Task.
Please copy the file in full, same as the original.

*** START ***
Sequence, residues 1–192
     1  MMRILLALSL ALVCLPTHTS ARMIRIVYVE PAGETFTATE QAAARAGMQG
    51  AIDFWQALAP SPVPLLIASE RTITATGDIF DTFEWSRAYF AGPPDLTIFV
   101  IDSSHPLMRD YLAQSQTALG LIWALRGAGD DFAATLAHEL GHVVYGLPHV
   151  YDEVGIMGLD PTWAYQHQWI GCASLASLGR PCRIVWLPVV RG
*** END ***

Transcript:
Sequence, residues 1–192
     1  MMRILLALSL ALVCLPTHTS ARMIRIVYVE PAGETFTATE QAAARAGMQG
    51  AIDFWQALAP SPVPLLIASE RTITATGDIF DTFEWSRAYF AGPPDLTIFV
   101  IDSSHPLMRD YLAQSQTALG LIWALRGAGD DFAATLAHEL GHVVYGLPHV
   151  YDEVGIMGLD PTWAYQHQWI GCASLASLGR PCRIVWLPVV RG